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SC's reasoning for ending federal jobless aid stirs debate

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Chelsea Cayetano, 18, attends a job fair hosted by the Lowcountry Hospitality Association and Explore Charleston in the Cooper River Room at the Mount Pleasant Visitor Center on Wednesday, May 12, 2021. Lauren Petracca/Staff

When South Carolina cuts off federal pandemic-related jobless programs late next month, tens of thousands of residents will stop receiving weekly checks.

The reason for ending the aid, which was to serve as a lifeline for out-of-work Americans during the COVID-19 crisis, is the estimated 81,000 job openings around the state, according to Gov. Henry McMaster's directive to the S.C. Department of Employment and Workforce on May 6.

McMaster said the benefits have become "a dangerous federal entitlement" that pay workers "to stay at home rather than encouraging them to return to the workplace."

Some experts have countered that it's not quite that simple.

South Carolina was the second state after Montana to say it would terminate pandemic benefits early. In the week after McMaster's decision, at least 14 more Republican-led states followed suit, including Georgia and Tennessee. 

McMaster and DEW have described the change as a return to "pre-pandemic, state employment operations." 

That means an end to four different federal programs, including one that's paid claimants an extra $300 weekly.  

The effective date for that termination cited in McMaster's statement was June 30, but since that falls in the middle of the week, the state will return to pre-pandemic unemployment rules on June 27, according to a fact sheet on those changes posted by DEW.

During a webinar about the benefits changes hosted by the S.C. Chamber of Commerce, McMaster said on May 11 that "people all over the state are pointing to" enhanced benefits as a reason they're having trouble making hires.

"I believe in that information and whatever data is available," McMaster said.

Other factors 

Laura Ullrich, a regional economist with the Federal Reserve Bank of Richmond, said she thinks enhanced benefits have likely been "one of several factors" that have kept South Carolinians on unemployment during the pandemic.

Childcare availability and fear of contracting COVID-19 are also part of the puzzle, she said.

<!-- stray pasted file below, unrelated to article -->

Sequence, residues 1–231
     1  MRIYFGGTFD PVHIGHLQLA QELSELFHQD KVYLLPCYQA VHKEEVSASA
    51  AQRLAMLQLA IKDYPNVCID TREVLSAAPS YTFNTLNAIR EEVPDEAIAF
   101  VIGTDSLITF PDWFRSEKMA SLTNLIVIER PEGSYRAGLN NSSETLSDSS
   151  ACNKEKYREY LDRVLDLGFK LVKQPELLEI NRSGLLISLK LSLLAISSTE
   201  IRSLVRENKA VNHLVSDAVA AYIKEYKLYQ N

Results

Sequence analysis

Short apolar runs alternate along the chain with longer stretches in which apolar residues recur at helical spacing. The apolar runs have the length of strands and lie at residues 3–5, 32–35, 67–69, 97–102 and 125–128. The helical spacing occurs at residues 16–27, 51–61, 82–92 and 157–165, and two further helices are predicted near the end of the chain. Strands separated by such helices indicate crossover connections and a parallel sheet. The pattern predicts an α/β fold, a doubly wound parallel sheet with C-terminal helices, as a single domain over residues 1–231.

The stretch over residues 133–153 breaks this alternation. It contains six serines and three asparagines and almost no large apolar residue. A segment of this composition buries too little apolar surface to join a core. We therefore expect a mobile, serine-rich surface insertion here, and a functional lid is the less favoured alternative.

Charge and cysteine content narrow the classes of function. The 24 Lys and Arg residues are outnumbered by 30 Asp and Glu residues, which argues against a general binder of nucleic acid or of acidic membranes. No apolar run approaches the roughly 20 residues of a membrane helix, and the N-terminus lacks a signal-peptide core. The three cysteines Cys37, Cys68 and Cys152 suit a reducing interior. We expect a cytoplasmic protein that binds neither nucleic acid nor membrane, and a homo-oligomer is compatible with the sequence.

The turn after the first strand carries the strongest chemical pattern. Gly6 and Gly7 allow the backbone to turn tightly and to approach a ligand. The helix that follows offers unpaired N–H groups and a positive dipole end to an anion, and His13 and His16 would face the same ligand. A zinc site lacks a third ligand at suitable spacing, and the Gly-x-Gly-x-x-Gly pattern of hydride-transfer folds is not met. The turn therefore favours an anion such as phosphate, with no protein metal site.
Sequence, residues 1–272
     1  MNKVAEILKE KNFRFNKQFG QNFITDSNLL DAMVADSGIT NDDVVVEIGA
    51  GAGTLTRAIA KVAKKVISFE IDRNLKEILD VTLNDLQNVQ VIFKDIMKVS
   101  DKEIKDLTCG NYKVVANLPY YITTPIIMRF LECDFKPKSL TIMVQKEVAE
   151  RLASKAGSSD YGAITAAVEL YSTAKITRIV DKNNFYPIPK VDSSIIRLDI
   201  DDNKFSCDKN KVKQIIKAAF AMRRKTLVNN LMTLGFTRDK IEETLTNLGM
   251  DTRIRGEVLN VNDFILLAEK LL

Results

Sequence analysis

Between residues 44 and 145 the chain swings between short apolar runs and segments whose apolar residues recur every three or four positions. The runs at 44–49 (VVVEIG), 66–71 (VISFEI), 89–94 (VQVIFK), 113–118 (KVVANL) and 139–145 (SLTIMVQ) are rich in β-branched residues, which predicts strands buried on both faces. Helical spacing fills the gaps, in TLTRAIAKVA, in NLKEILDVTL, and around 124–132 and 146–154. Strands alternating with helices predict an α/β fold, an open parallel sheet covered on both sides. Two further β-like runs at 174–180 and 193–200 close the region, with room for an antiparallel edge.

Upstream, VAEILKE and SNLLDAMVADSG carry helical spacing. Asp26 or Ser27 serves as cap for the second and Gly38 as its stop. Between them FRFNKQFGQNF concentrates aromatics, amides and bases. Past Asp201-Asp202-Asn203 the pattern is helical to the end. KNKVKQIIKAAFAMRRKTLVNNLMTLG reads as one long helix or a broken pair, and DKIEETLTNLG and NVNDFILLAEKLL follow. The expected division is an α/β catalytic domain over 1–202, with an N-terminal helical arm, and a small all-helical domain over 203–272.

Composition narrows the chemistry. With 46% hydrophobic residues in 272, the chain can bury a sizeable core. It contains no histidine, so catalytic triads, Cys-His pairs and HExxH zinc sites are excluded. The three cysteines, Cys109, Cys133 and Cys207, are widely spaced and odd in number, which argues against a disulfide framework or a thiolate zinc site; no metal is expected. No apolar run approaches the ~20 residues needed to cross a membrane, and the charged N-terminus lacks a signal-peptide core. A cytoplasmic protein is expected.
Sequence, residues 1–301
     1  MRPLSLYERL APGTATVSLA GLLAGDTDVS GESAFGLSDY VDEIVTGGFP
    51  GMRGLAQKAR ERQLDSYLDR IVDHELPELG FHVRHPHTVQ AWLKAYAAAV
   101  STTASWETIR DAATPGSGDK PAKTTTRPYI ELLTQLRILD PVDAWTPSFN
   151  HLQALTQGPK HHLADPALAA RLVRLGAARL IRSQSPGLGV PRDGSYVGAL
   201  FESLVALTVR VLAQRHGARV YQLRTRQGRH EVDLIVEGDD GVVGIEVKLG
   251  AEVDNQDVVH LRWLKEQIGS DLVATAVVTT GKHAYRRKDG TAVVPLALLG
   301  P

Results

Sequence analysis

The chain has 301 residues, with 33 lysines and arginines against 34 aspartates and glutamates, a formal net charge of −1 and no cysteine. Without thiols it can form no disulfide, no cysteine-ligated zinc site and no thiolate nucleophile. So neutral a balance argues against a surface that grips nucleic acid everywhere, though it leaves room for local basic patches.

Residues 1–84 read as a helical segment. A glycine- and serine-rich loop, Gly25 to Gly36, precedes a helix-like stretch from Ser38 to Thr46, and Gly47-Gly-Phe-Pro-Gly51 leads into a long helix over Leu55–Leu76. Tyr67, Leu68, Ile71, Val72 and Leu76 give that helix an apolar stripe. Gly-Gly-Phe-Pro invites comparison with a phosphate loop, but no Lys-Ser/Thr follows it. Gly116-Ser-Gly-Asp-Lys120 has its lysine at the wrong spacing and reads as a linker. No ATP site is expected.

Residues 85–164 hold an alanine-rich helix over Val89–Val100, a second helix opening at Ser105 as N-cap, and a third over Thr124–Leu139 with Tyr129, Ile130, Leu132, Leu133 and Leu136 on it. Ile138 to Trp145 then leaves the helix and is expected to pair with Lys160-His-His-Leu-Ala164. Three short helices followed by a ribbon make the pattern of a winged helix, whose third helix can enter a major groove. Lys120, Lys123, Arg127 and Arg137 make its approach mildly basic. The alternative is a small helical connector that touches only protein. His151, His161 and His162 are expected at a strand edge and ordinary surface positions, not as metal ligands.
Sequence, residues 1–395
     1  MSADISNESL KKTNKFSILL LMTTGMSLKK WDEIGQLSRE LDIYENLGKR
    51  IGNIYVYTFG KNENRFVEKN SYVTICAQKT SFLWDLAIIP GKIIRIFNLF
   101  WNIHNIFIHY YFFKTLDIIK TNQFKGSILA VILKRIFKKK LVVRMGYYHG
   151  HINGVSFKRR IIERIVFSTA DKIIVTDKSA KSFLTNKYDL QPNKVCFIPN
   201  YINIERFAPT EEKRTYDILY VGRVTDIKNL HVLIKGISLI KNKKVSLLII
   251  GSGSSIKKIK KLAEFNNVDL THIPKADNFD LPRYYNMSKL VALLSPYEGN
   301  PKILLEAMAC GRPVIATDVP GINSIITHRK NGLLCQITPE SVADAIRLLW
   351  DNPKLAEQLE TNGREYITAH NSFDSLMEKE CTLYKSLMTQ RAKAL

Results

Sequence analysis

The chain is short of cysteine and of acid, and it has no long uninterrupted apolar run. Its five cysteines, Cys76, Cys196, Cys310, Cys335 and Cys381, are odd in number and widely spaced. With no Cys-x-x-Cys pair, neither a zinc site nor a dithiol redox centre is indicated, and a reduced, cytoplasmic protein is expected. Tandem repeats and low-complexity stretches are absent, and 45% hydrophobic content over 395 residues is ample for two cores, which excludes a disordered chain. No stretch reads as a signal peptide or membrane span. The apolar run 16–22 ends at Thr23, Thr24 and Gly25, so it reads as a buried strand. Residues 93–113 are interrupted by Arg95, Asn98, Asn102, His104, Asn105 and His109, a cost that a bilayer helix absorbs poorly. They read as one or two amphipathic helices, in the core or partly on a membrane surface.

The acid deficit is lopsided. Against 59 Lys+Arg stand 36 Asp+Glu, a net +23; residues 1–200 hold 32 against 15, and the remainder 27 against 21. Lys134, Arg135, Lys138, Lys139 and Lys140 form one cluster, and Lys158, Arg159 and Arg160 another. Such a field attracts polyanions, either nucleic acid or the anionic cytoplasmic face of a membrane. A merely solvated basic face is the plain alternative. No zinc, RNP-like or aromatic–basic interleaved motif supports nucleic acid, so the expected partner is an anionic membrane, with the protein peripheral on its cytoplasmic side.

Both of those are key reasons why Elijah Samuel, a Summerville resident who said he's worked in the food-and-beverage industry for most of his life, hasn't returned to work yet. He, like many others, lost his job because of COVID-19 last spring. 

Samuel said he wants to work again. 

"I'm scared, honestly," said Samuel, who has two underlying health conditions that make him extra wary of the virus. 

A likely bigger challenge than securing a job before benefits end, Samuel said, is ensuring his two daughters are looked after while he's at work. Finding childcare that's affordable and available when he needs it — which, given the food service schedule he's used to, requires putting in a lot of hours on weekends and some late nights — won't be easy, he said.

He thought he had more time. 

"I set my life around getting back to work in August or September and this just takes two months of benefits away, and I don't have a babysitter," Samuel said. 

Samuel said his family is still living paycheck to paycheck on unemployment. For others like him, he said, any lapse in income between the end of benefits and the start of a job could be a big financial setback.

"I'm not sitting back waiting on a check," he said. "It's a lot more complicated than that."

When asked about childcare during Tuesday's webinar, McMaster pointed to the fact that, while many providers in the state closed during the pandemic, about 96 percent are now open. 

In terms of COVID concerns, McMaster referred to the expanded availability of the vaccine in South Carolina. Despite that ample supply, less than half of the state's population had received at least one shot as of last week. 

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Yumi Farrell, recruiting manager for Kiawah Island Golf Resort, talks to a potential applicant during a job fair hosted by Lowcountry Hospitality Association and Explore Charleston in the Cooper River Room at the Mount Pleasant Visitor Center on Wednesday, May 12, 2021. Lauren Petracca/Staff

DEW director Dan Ellzey has backed McMaster's decision to end federal benefits. Last week, he described an effect of the programs as "recall resistance," referring to when unemployment checks are higher than the recipient's prior wages.

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Lowcountry Hospitality Association and Explore Charleston hosted a job fair in the Cooper River Room at the Mount Pleasant Visitor Center on Wednesday, May 12, 2021. Lauren Petracca/Staff

Workers making minimum wage could make 153 percent of their previous wages through the unemployment aid system. Someone who made $9 an hour would be making 133 percent of what they were earning before. The break-even point would be about $15 an hour, Ellzey said. 

Ellzey cited retail, accommodation and food service — typically lower-paying job areas — as sectors that "suffer with the federal benefits."

For hospitality jobs, the SC Works site lists an average hourly wage of $9.48. 

The programs

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Every person collecting unemployment benefits in South Carolina at the time federal benefits are turned off — including those who meet normal, pre-pandemic rules for collecting jobless aid — will experience a change.